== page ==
Although the long-term prospects look promising, soaring inflation and market volatility is taking its toll on the sustainable bond market.
As a result, the issuance of sustainable bonds is expected to remain flat this year, according to a new report from Moody’s Investors Service.
The rating agency said that global issuance declined in the first quarter of 2022, as market headwinds – including the Russian invasion of Ukraine, rising inflation, and tightening monetary policy – intensified.
It noted that issuance of green, social, sustainability and sustainability-linked bonds totalled $203 billion in the first quarter, down by 11% from the fourth quarter of 2021, and 28% from the first quarter last year.
“While our baseline expectation is that sustainable bond issuance growth will resume when market volatility abates, broader market conditions will provide greater than anticipated headwinds for sustainable bond issuance this year,” the report said.
For the full year, sustainable bond issuance is now projected to total about $1 trillion, which would be more or less the same as last year.
Breaking it down, this translated into $550 billion of green bond issuance, $125 billion of social bonds, $175 billion of sustainability bonds, and $150 billion in sustainability-linked bonds.
The main differences between the different categories are that green bonds are committed to environmental or climate projects, such as investing in renewable energy while social bonds target social impact projects, such as investing in low-cost housing for people with restricted access to the housing market.
Sustainability bonds look at a mix of social and green impact projects. which may also be aligned with the UN Sustainable Development Goals (SDGs).
Longer term, Moody’s expects growth to eventually resume. “The need for climate mitigation and adaptation financing, accelerated decarbonisation efforts to achieve net zero goals, growing regulatory attention on sustainability and a continued focus on the interconnectedness of environmental and social objectives will all support the sustainable debt markets over the long term,” it said.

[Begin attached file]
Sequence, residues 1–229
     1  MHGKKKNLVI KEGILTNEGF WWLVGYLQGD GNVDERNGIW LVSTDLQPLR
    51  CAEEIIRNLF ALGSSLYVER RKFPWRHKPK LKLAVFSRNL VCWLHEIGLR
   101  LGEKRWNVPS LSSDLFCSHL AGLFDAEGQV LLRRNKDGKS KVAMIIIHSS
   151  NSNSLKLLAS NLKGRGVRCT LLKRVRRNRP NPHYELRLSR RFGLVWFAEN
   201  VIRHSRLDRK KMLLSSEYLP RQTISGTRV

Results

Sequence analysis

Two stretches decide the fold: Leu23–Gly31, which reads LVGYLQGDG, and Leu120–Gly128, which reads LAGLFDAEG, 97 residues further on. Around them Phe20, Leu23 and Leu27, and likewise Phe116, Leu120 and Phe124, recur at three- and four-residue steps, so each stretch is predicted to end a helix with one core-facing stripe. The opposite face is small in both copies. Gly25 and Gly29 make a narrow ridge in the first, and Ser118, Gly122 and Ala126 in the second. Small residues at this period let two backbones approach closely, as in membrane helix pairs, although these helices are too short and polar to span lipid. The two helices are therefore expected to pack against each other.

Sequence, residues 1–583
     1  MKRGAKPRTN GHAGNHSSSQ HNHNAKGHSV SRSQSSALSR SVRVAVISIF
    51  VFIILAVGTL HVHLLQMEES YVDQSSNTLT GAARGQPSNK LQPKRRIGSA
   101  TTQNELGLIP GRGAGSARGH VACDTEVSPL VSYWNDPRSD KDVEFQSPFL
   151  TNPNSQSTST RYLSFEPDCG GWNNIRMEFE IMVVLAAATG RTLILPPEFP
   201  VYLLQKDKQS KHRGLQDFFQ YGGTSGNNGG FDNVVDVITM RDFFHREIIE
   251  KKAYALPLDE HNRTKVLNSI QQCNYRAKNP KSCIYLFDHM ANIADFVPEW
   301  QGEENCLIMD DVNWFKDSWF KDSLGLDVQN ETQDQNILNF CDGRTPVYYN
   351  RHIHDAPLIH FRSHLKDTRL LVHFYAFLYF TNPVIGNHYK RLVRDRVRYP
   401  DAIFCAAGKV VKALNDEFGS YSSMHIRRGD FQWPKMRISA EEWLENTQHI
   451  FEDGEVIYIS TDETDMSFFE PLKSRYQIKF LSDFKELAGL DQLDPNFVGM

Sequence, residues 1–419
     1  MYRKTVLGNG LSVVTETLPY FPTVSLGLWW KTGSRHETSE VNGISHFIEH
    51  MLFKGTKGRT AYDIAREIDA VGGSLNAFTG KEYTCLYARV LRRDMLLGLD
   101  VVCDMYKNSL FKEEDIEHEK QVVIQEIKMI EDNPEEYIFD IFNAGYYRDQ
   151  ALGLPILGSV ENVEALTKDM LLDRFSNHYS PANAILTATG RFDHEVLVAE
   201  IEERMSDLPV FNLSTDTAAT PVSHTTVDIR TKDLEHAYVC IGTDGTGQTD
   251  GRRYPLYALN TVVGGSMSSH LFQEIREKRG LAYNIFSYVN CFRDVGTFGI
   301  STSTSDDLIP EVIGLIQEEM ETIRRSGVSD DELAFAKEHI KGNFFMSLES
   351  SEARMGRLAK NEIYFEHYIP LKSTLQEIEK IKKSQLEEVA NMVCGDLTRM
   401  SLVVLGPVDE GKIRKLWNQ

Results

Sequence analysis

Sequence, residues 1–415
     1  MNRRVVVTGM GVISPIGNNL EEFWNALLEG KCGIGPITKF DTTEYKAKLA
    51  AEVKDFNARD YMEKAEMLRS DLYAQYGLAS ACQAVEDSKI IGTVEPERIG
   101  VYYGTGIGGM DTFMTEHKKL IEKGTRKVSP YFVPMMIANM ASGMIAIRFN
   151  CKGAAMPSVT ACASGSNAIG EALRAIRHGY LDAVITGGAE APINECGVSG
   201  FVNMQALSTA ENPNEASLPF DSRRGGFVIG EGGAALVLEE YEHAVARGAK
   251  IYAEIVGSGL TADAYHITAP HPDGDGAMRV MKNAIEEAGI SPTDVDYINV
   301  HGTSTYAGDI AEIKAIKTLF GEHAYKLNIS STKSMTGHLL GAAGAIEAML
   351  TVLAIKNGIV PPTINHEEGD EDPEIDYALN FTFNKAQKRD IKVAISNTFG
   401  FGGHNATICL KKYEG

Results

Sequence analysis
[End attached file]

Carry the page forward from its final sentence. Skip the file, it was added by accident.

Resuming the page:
Alongside climate-related issues, Moody’s noted that sustainable debt markets are increasingly financing projects to promote gender equity as well.
It added, “Global gender inequality comes at the expense of global GDP with estimated losses of US$160 trillion in human capital wealth due to disparities in earnings between men and women. There is increasing demand from investors seeking to remedy these challenges to finance projects that provide services to help bridge the gender divide.”
Overall, the global sustainable fund world took a hit in the wake of market uncertainty although a report from Morningstar shows that they proved more resilient than its conventional counterparts.
The data provider said, “As demonstrated in the past, as well as in 2020 at the start of the Covid-19 pandemic and once again in the first quarter of 2022, sustainable fund flows seem to be more resilient in times of market volatility than their traditional peers,” according to Morningstar’s research.
Its analysis showed that inflows of sustainable funds slid 36% – the sharpest quarterly slowdown in sustainable fund net inflows over the past three years.
However, the broader market experienced a 73% drop from $517bn in the final quarter of last year to $138bn in Q1.
Fund launches in the sustainable world also waned with an estimated 227 new products brought to market globally, a 28% decline compared with the 316 new entrants in Q4 2021.
Morningstar noted that Q1 launches have historically been lower, and it is likely the figure will be restated in future reports as more launches are identified. In addition, groups continued to repurpose existing funds into sustainable mandates, albeit at a slower pace.
On a regional level, Europe continued to dominate the global sustainable fund landscape with 82% of sustainable fund assets held on the continent, “which also remains by far the most developed and diverse ESG market,” said Morningstar.
The region attracted shy of $78bn in net flows, a 37% drop on Q4’s $124bn of new money. Again, this was less than the overall market, where conventional funds saw $21bn in outflows.
“As demonstrated in the past, as well as in 2020 at the start of the Covid-19 pandemic and once again in the first quarter of 2022, sustainable fund flows seem to be more resilient in times of market volatility than their traditional peers,” said the report.
As for the US, it is the second largest market for sustainable funds, accounting for 12% of global sustainable fund assets through March 2022.
However, during Q1, net flows into the country’s sustainable funds posted their fourth consecutive decline, falling $10bn.
“That is 26% less than in the previous quarter and half of the all-time record, nearly $22bn, set one year ago in the first quarter of 2021,” the update said.
However, as Morningstar noted, when compared with the broader US funds market, demand for sustainable offerings showed higher resilience during the first quarter of 2022, where flows dipped by 65% to $85.7bn affecting both active and passive strategies alike.
Morningstar said, “In recent years, investor preference has shifted towards low-cost passive funds: over the past three years, passive strategies have attracted about two thirds of quarterly sustainable fund flows on average. However, the split last quarter was close to 50-50, with passive funds netting $5.7bn for the period.”
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